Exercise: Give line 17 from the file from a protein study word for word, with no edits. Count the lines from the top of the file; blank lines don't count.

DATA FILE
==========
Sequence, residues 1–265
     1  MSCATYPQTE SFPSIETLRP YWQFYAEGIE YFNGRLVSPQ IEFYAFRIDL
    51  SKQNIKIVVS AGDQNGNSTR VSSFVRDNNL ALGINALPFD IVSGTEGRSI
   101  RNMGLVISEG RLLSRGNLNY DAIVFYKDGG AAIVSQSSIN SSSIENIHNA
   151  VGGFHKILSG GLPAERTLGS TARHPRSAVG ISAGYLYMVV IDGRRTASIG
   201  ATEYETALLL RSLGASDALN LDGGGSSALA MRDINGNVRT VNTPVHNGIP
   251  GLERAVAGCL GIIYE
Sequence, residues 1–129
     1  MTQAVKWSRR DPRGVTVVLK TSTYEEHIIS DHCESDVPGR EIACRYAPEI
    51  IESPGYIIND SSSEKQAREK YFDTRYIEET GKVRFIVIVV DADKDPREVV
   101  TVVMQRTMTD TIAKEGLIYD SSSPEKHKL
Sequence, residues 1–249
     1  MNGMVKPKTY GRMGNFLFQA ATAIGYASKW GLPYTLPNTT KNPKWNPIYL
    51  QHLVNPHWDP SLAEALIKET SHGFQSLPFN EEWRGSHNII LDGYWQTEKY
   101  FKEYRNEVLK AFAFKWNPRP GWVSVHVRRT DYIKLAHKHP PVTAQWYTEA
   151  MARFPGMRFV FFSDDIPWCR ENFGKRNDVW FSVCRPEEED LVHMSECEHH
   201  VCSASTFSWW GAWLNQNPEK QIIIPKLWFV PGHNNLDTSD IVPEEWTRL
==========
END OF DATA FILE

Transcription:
   201  VCSASTFSWW GAWLNQNPEK QIIIPKLWFV PGHNNLDTSD IVPEEWTRL